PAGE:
Websites such as International Comet Quarterly (www.icq.eps.harvard.edu/cometobs.html) and the British Astronomical Association’s Comet Section (www.ast.cam.ac.uk/~jds) list all of the comets that are currently active and visible with an amateur telescope, and where they might be found.
Even if we know when a comet is likely to appear and the path it will take, no one can guess what it will behave like once it approaches the inner Solar System.
A comet could pass so close to the Sun that experts are sure it will be a spectacular view, only for it to break apart during perihelion, or give little more than a fizz of a tail.
However, once in a decade or so there is a comet that passes close enough to Earth and is bright enough to be seen with the naked eye.
When one of these is truly exceptional it may be bestowed the moniker of ‘Great Comet’; an apparition so magnificent it is remembered for centuries (or even millennia) to come.
Though in the past comets used to hold a bad name, as the portents of death and war, now these capricious visitors are a highlight for anyone lucky enough to see one as it passes by.
Where do comets come from?
After the planets formed, the material left over in the outer Solar System coalesced into a great many icy bodies.
These organised themselves into two regions.
The inner of these is a ring between 4.5 and 7.4 billion km, known as the Kuiper Belt.
It’s thought that short-period comets come from this region.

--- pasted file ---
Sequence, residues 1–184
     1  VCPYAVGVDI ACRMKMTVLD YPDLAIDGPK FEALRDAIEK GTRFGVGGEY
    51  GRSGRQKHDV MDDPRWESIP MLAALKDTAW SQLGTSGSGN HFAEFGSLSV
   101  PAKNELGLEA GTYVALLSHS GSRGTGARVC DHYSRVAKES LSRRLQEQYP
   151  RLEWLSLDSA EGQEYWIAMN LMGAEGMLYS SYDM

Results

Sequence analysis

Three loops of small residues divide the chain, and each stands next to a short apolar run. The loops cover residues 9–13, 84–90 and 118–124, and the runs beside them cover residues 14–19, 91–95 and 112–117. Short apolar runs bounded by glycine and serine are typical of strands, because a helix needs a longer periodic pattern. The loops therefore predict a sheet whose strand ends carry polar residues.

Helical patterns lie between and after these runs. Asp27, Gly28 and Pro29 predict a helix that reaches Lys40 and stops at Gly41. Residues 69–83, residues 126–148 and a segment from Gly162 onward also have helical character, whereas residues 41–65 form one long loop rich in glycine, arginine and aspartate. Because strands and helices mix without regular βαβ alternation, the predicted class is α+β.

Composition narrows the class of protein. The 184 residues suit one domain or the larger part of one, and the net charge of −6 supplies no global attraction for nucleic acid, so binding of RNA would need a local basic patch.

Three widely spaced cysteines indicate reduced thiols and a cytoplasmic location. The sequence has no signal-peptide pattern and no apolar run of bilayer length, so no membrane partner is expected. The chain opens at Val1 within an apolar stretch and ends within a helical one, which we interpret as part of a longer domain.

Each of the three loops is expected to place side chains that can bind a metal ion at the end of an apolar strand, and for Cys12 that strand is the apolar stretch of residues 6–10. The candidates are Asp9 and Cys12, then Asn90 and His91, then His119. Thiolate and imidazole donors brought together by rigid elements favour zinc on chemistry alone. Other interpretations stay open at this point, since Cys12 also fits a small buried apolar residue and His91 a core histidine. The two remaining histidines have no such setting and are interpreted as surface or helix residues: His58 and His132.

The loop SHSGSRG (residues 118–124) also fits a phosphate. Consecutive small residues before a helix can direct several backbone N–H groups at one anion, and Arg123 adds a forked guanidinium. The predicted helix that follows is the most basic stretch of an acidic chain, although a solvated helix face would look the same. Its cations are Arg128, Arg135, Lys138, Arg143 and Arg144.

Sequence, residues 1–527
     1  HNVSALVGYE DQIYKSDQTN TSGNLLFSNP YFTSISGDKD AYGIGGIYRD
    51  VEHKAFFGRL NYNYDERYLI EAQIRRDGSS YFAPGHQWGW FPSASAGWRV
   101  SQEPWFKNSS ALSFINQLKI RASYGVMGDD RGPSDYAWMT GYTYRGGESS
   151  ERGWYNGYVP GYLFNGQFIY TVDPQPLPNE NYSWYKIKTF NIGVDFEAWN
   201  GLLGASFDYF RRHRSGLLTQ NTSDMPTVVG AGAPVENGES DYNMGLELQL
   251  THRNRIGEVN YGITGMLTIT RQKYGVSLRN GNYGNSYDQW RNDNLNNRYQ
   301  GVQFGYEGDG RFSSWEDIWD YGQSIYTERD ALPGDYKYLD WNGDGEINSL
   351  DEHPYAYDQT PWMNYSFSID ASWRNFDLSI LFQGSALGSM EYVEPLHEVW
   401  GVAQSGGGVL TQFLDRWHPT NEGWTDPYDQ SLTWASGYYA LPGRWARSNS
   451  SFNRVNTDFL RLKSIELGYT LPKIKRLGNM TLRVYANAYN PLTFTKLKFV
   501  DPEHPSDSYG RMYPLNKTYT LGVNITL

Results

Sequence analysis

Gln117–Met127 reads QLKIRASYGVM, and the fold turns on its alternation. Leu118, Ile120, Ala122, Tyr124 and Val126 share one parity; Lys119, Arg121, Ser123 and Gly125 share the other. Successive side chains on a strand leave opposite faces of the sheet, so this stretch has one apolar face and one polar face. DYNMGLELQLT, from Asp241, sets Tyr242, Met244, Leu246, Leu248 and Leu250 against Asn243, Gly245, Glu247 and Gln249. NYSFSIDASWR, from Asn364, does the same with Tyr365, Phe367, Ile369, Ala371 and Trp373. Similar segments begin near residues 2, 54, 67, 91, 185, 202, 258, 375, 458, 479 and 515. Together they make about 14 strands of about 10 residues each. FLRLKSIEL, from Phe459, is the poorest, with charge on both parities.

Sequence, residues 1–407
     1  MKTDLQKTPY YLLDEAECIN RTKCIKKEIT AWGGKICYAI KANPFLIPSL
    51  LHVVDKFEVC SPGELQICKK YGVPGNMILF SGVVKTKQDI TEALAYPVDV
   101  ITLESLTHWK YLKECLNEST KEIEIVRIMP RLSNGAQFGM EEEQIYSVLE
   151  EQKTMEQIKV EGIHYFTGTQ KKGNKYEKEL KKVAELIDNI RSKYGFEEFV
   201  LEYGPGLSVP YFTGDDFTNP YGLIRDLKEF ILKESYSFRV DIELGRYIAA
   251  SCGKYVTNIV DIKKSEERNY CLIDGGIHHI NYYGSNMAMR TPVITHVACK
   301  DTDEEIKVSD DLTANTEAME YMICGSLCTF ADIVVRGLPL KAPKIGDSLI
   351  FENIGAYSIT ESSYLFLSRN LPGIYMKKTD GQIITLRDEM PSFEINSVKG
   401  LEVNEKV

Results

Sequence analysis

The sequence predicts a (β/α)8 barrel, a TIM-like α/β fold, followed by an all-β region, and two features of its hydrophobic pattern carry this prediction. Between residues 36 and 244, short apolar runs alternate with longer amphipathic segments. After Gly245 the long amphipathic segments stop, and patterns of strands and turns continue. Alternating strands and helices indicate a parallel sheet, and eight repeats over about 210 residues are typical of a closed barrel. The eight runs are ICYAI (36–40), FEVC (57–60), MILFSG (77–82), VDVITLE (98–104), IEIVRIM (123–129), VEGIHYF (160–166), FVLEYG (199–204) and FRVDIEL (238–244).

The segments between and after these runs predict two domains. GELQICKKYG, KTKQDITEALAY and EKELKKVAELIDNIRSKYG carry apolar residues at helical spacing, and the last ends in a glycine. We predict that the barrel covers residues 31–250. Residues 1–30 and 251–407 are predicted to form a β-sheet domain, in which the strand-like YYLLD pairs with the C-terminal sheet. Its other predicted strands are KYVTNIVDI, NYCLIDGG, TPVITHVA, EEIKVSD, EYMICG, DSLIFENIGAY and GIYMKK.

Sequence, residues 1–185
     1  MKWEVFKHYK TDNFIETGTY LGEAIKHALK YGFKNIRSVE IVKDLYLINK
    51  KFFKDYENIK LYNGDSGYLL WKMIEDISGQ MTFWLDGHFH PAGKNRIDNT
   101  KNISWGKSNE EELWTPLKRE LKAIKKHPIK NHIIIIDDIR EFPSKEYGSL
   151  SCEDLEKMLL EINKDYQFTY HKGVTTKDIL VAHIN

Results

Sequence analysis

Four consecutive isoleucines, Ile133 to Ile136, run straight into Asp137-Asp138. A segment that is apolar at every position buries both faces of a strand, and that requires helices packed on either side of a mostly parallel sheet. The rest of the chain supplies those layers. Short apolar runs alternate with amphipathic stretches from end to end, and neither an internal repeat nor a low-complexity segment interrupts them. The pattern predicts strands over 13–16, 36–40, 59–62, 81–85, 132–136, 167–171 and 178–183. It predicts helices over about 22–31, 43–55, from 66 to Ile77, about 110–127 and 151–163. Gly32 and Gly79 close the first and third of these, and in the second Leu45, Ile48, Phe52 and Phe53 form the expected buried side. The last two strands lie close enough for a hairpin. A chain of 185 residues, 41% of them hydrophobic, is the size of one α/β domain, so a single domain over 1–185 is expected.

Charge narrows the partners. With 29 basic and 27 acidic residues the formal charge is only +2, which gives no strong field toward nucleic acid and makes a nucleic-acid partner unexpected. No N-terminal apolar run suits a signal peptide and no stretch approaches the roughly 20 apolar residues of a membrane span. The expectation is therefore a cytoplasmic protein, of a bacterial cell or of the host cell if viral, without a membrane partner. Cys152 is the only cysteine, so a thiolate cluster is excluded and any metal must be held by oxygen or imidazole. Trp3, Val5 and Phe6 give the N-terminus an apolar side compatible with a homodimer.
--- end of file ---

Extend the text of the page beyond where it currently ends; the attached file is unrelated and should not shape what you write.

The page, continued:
Far beyond this, surrounding the entire Solar System, is a much larger cloud that is thought to stretch out 3.2 lightyears called the Oort Cloud.
Chasing the tail
The most alluring part of a comet is surely its huge tail, but what is not always obvious is that there are two.
The most apparent is the dust tail, which the solar wind sweeps out in an arc.
However, the magnetic field captures the gas, pulling it away to form a much fainter second tail.
Regardless of where the comet is in its orbit, the tails will point away from the Sun, rather than streaming behind as is often believed.
Five famous comets
Credit: E. Kolmhofer, H. Raab; Johannes-Kepler-Observatory, Linz, Austria (http://www.sternwarte.at)
Closest approach: 136 million km.
Period: 2,520 to 2,533 years.
Naked eye visible for a record 18 months in 1996 and 1997, Hale Bopp captured the public interest the world over.
Credit: ESA/Rosetta/NavCam – CC BY-SA IGO 3.0
Closest approach: 186 million km.
Period: 6.4 years.
The target of the Rosetta mission, which studied the comet from orbit and sent the Philae lander to its surface.
Great Daylight Comet
Credit: Percival Lowell – Lowell Obsrvatory, publ. 1910
Closest approach: 19 million km.
Period: 57,300 years.
Spotted in January 1910, this comet quickly grew in brightness until it outshone even Venus.
Closest approach: 88 million km.
Period: 75.3 years.
This regular visitor was observed as early as 240 BC.
It is often visible to the naked eye.
Credit: James W. Young (TMO/JPL/NASA) – http://www.w7ftt.net/ikeyaseki1.html
Closest approach: 450,000km.
Period: 876.7 years.
In 1965, Ikeya-Seki’s close pass of the
Sun caused it to become one of brightest comets of the past millennia.
Elizabeth Pearson is BBC Sky at Night Magazine’s news editor